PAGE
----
The classifications of some of these people, such as, idiots, imbeciles, beggars, epileptics, feeble-minded, physically defective, etc., became the basis for a following trend in American municipalities to pass what were commonly called “ugly laws”. Not only did the white majority in America want a “white” America, they also wanted a “pretty to look at” America. It remains ironic that these same classes of people who were prohibited from entering the country would often pass by the Statue of Liberty in New York harbor, an icon of hope, bearing a plaque which read:

“Give me your tired, your poor,
Your huddled masses yearning to breathe free,
The wretched refuse of your teeming shore.
Send these, the homeless, tempest-tossed to me,

What a big, fat, American lie. And America’s been lying to everyone since the day the Puritans first set foot on the shores of Plymouth. The immigrants here in my barrio, however, are nobody’s fools. What I find incredibly interesting is that most of my immigrant neighbors are better educated on the true history of America than most native born Americans. Where they got a stiff dose of startling truth in mandatory world studies of their country of origin’s education systems, we native Americans get brainwashed with the propaganda machine our country created to make us good little American boys and girls, isolated from the rest of the world, and puffed up with a sense of superiority. Being a gringa in the barrio is a humbling experience. Especially when I realize that many of my immigrant neighbors were not on my country’s reject list like I, myself, would have been.

Sources:

http://library.uwb.edu/guides/usimmigration/39%20stat%20874.pdf

http://scholarlycommons.law.northwestern.edu/cgi/viewcontent.cgi?article=2850&context=jclc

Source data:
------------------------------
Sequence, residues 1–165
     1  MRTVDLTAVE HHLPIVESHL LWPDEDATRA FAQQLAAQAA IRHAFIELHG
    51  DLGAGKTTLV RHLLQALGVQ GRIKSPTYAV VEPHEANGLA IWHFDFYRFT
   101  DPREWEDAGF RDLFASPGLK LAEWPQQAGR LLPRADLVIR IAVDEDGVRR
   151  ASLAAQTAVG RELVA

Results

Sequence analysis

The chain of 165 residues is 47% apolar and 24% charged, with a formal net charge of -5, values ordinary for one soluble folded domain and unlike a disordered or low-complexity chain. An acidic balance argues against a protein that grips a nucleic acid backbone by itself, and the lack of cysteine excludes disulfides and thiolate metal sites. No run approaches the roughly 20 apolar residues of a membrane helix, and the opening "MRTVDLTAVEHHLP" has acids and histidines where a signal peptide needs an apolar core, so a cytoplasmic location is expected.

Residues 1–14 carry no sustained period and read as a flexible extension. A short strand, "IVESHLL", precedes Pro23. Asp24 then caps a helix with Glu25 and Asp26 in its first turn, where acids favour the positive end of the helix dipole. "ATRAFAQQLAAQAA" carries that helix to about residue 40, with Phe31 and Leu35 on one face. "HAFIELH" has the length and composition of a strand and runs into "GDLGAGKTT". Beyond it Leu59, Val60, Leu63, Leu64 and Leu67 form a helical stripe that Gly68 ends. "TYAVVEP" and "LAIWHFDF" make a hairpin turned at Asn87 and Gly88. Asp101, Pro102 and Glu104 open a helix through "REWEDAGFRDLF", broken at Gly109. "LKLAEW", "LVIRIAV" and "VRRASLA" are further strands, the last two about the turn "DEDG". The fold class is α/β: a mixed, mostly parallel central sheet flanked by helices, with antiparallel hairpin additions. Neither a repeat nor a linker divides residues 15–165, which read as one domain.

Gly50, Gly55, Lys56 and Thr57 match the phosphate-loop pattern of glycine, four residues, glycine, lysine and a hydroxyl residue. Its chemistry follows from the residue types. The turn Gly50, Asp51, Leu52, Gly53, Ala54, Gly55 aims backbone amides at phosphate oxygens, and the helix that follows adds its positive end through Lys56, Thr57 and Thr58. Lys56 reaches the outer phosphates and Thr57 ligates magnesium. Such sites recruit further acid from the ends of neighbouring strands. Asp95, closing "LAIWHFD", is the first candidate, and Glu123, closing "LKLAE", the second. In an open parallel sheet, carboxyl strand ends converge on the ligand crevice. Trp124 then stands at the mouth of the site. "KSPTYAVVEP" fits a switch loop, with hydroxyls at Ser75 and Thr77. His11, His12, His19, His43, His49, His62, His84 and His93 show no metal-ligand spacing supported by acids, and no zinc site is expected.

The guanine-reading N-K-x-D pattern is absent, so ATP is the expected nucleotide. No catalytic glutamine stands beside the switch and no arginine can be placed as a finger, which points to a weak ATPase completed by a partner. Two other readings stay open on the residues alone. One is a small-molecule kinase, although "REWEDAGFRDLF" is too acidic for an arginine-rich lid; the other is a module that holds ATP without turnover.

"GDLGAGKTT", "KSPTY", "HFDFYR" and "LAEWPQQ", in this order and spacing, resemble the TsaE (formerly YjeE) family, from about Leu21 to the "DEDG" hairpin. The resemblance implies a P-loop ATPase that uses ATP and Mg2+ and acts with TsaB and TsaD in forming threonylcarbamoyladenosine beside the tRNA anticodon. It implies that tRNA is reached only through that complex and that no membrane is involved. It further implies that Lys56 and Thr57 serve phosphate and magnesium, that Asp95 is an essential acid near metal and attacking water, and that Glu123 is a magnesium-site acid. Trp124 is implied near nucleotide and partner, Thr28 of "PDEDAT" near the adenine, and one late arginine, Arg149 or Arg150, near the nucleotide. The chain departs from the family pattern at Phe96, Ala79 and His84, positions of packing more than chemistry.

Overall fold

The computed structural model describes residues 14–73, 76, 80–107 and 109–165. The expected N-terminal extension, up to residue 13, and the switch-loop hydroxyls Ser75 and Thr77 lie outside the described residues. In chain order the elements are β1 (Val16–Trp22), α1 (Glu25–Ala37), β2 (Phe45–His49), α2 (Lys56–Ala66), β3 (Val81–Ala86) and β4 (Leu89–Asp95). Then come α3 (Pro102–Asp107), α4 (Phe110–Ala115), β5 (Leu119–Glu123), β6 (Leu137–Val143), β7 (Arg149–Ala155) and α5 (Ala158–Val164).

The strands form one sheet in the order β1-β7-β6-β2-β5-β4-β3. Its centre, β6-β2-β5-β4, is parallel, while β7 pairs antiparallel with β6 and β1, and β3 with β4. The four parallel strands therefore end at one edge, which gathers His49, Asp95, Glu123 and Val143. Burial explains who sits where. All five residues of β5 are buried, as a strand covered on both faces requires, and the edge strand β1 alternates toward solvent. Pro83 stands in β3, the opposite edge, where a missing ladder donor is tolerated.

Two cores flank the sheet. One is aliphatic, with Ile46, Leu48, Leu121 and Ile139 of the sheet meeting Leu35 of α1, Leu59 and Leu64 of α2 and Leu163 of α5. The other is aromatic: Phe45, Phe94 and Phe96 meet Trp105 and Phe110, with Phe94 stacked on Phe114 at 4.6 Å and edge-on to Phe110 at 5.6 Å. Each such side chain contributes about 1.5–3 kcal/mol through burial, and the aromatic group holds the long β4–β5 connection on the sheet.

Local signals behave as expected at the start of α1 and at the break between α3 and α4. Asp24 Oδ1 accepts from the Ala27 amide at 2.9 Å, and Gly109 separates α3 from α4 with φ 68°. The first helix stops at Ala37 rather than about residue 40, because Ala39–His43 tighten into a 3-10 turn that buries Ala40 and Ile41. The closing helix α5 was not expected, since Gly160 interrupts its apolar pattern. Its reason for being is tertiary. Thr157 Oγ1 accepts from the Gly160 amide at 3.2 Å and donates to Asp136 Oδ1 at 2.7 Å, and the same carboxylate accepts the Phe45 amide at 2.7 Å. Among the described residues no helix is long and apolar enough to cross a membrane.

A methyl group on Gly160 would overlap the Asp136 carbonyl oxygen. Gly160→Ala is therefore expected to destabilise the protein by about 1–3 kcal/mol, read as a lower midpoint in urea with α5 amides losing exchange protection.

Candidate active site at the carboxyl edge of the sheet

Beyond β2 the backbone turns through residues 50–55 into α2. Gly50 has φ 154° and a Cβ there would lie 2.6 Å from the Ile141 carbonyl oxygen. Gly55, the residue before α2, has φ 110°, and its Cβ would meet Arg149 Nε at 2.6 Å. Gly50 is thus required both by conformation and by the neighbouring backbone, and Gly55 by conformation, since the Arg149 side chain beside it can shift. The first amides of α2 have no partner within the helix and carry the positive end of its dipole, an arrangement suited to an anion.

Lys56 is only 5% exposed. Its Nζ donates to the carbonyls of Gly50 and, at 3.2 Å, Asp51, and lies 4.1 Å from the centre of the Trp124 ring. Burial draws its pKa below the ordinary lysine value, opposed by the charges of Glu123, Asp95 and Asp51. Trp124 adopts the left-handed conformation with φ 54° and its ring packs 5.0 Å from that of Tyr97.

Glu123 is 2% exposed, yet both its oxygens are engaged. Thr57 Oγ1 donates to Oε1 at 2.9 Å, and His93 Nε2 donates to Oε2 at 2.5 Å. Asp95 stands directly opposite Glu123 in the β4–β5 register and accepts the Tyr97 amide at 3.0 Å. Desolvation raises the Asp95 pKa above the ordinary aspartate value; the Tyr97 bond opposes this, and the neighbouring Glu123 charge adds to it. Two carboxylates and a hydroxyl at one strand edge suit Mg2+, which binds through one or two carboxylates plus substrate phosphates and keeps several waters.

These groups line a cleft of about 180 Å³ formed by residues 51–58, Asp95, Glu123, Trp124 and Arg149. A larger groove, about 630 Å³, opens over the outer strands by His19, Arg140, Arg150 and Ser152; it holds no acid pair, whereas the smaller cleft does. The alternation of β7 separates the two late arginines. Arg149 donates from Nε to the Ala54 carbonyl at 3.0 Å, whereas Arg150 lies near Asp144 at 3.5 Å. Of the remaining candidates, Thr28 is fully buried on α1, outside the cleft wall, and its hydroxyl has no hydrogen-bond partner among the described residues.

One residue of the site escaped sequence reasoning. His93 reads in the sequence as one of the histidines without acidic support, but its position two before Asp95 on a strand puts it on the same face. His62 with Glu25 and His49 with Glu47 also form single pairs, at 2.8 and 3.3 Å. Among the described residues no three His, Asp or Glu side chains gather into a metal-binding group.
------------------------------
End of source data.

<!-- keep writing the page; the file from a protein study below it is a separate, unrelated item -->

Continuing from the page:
https://books.google.com/books?id=pXW69O5po3AC&pg=PA165&lpg#v=onepage&q&f=false

Photo credit:  en.wikisource.org

Proud Laborers of the Barrio


From time to time I hear politicians, as well as certain people in the media, stirring the “class warfare” pot. They all remind us we better stock up on our provisions.  Gather up your pitchforks and torches.  And, for God’s sake, don’t forget to pile up all the junk you can find to safely barricade your “domain”.  Class warfare? Seriously? I don’t know about you, but this gringa and all her neighbors in the barrio do not have time for such nonsense.  We’ve got mouths to feed and the only way to do it is to work, work, work.  If the gringa is not pounding away at the keyboard working (or playing Spider Solitaire), scrubbing a toilet, laundering yet another load of stinky socks and unmentionables,  then she’s having adventures with the Latin man of her dreams or basking in the glory of the presence of the kids and grandkids. And, as far as I can tell, all the people in the barrio are doing the same. So, why all the paranoia and fear-mongering from the politicians and media?

Recently the gringa and her caveman escaped the barrio for “uptown” (which means we went a few blocks west).  We had lunch at a local restaurant. The lady in the booth behind us was talking on her phone to a family member. She was giving this person directions to the neighborhood pool from her home. Overhearing her directions (yes, I am a notorious eavesdropper), I was able to determine that I was familiar with the neighborhood she lived in.  It is an exclusive, gated housing development.  All the homes back up to a golf course. Many of these million dollar plus properties are of the most modern designs incorporating the latest technology. Sometimes they are marketed as “smart homes”.  I easily drew the conclusion that this was probably a wealthy woman.  As she explained the details of purchasing a seasonal pool pass for the neighborhood pools she concluded by expressing her dismay that because these were “public” pools even people that did not reside in her “village” could get these passes, they just had to pay more.  It seemed disturbing to her to find herself sunning next to a table where one of these poor families had set up camp so she explained if she had to go she preferred to go early and on a weekday.